Several months ago, I wrote that former Saints (and 49ers) linebacker Rickey Jackson deserved to be in the NFL Hall of Fame. Now, finally, he at least has been named a semi-finalist. The man is second all-time in fumble rcoveries, 10th all-time in sacks (and would be higher, but sacks were not an official stat during his first year in the league), way up high in tackels, good on interceptions for a LB, won a Super Bowl ring as a starter, and was a six-time Pro Bowler and would have made even more Pro Bowls if he weren’t competing for votes with three top teammates at the same position. (In a number of those years, he made the “all-Madden” team, which is to my mind a better barometer sometimes than that of the players voting for the Pro Bowl, as the players don’t get to watch all the other games while they are playing in them.) Lots of other people agree that Jackson should be in the Hall.
Seven people can get inducted. My votes would go to Jackson, Ray Guy (as the first punter to so clearly outclass all his competitors that he was a huge strategic and tactical asset for his team), Aeneas Williams (8-time Pro Bowl DB), Emmitt Smith and Jerry Rice (no explanations needed for those two), and then I would have a terrible time choosing among the following for the last two spots this year: OL Russ Grimm, WR Tim Brown, WR Cris Carter, DB Lester Hayes, DL Richard Dent, DL Charles Haley, TE Shannon Sharpe. If I were FORCED to choose, I would go with Tim Brown (barely over Cris Carter, a contemporary with not quite as many yards receiving and without the added benefit of being a great kick and punt returner), and with Russ Grimm because he was the leader of one of the best offensive lines in history, the Redskins’ “Hogs,” none of whom have received the credit due them. I do, however, think that Dent, Haley, Sharpe, and Carter SHOULD be in the Hall eventually, with Hayes , Cortez Kennedy, Chris Doleman, and Dermontti Dawson and all probably deserving as well….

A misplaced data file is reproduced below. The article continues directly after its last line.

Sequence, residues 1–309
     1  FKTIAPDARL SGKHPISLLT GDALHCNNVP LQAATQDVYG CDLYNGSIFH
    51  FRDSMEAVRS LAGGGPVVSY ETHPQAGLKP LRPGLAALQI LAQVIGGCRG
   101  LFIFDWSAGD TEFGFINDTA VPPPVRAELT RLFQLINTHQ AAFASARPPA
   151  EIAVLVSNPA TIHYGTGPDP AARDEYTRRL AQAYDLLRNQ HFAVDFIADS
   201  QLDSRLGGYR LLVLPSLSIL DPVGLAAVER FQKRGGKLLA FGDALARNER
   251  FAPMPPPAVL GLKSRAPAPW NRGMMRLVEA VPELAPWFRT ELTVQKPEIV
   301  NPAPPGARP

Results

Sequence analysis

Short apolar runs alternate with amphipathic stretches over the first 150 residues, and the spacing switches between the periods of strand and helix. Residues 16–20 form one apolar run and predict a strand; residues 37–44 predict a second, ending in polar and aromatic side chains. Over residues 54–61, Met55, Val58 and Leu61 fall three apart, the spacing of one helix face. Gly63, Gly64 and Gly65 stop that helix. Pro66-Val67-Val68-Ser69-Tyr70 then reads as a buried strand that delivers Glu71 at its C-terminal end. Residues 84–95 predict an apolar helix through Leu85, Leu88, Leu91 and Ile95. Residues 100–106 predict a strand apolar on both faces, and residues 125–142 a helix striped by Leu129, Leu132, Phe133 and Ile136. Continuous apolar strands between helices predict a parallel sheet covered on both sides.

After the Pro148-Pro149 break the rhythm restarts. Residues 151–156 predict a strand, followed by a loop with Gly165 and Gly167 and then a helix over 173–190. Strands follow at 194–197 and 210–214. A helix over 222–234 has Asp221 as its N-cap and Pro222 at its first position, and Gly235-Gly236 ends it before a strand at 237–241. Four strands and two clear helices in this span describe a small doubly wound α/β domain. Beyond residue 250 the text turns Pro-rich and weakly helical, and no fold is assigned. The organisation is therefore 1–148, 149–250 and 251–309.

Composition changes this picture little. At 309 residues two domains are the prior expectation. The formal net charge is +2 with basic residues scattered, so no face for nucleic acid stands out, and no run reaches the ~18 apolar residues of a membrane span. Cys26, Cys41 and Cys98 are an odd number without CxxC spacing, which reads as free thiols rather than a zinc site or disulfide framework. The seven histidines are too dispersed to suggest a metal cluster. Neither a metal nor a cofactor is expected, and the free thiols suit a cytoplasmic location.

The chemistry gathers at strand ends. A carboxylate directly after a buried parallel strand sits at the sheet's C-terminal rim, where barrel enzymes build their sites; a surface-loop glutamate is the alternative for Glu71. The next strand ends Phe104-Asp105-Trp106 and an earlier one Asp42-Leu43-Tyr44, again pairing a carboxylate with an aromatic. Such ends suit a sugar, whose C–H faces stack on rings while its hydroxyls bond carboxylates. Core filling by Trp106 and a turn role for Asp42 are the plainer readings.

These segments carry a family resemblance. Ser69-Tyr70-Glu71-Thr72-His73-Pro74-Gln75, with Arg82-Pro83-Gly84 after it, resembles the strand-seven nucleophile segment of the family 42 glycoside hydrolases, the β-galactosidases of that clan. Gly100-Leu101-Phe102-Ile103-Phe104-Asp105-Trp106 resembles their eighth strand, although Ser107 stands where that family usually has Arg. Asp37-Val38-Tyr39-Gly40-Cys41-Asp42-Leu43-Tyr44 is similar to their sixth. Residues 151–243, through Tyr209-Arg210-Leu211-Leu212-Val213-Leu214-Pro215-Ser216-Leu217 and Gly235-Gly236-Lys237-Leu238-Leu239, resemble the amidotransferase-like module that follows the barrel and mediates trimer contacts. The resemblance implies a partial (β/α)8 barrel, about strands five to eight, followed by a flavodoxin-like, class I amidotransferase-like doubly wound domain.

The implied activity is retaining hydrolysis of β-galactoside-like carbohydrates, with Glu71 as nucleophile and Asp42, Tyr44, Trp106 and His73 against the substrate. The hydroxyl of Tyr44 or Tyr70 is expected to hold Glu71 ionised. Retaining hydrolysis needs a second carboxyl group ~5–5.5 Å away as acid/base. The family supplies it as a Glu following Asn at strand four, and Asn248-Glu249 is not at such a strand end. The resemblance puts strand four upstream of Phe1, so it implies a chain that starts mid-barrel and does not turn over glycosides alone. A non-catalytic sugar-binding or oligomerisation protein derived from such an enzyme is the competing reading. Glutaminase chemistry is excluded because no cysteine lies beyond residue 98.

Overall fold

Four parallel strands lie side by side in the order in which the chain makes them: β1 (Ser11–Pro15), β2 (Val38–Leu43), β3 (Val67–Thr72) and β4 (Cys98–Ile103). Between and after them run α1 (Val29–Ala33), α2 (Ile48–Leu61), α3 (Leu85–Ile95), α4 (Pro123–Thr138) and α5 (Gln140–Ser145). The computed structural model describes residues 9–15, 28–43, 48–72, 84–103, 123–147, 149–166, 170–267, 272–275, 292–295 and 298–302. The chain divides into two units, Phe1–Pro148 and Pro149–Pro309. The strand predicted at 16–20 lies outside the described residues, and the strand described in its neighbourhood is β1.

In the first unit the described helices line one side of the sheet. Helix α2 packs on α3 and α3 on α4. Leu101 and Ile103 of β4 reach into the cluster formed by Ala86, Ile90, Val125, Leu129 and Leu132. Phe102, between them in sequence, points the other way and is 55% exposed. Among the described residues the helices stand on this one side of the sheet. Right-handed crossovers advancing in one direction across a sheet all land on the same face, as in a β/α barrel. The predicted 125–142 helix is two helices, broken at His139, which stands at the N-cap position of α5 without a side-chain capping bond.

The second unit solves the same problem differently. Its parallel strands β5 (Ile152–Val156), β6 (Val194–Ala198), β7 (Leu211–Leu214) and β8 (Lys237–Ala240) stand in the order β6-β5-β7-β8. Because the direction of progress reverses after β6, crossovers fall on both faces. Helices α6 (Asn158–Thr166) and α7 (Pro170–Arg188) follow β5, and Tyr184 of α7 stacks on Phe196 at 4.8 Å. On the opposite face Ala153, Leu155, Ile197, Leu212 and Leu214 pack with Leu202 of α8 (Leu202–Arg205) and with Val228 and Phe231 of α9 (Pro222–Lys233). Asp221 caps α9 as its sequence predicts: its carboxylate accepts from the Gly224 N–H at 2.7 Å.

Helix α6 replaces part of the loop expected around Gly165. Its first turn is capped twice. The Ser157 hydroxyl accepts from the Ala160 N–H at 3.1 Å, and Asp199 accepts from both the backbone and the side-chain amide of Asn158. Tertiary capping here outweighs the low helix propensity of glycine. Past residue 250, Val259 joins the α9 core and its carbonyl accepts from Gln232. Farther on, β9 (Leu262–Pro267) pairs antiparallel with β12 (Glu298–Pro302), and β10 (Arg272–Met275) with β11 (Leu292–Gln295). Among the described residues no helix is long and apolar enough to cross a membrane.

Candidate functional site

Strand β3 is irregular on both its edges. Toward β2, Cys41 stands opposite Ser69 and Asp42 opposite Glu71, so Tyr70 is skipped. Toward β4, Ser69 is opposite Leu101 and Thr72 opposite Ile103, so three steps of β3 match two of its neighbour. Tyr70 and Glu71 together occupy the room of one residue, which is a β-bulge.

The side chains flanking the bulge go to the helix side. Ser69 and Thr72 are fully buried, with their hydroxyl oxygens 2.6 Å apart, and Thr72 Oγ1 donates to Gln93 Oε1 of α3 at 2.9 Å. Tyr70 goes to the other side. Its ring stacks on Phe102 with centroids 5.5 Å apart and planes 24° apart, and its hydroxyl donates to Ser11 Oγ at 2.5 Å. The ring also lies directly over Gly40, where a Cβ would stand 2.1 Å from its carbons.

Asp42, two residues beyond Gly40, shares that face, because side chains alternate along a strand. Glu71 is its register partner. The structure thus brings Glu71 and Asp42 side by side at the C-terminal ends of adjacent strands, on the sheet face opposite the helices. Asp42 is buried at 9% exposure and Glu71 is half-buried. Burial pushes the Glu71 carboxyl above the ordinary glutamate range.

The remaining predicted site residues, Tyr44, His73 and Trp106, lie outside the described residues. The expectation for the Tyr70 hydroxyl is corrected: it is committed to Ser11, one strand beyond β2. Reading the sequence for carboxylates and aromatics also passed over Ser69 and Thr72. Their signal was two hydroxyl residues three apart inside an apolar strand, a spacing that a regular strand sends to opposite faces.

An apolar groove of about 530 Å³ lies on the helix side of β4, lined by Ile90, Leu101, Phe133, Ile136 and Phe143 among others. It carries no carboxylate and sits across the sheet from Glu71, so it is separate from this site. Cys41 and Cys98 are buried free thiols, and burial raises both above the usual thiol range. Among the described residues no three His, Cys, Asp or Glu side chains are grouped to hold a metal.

But back to Rickey Jackson. The man played LEFT outside LB. He had as many sacks as LT, and LT was rushing from the blind side, the easier side. Jackson got his sacks while the QB was looking at him. And Jackson, unlike LT, also was great dropping into pass coverage and also playing every down against the run. And he was a leader in the locker room, a guy who EVERYBODY looked up to. Ask fellow Saints all-Pro LB Pat Swilling, later a state legislator, what he thinks of Jackson: Hall of Fame, all the way. As for me, all things considered, I would choose Jackson as the single player I would choose, all-time, to build my defense around, if I wanted a team to last ten years. The man never missed games due to injury, never made excuses, never dogged it, never let up. He deserves to be in the Hall.
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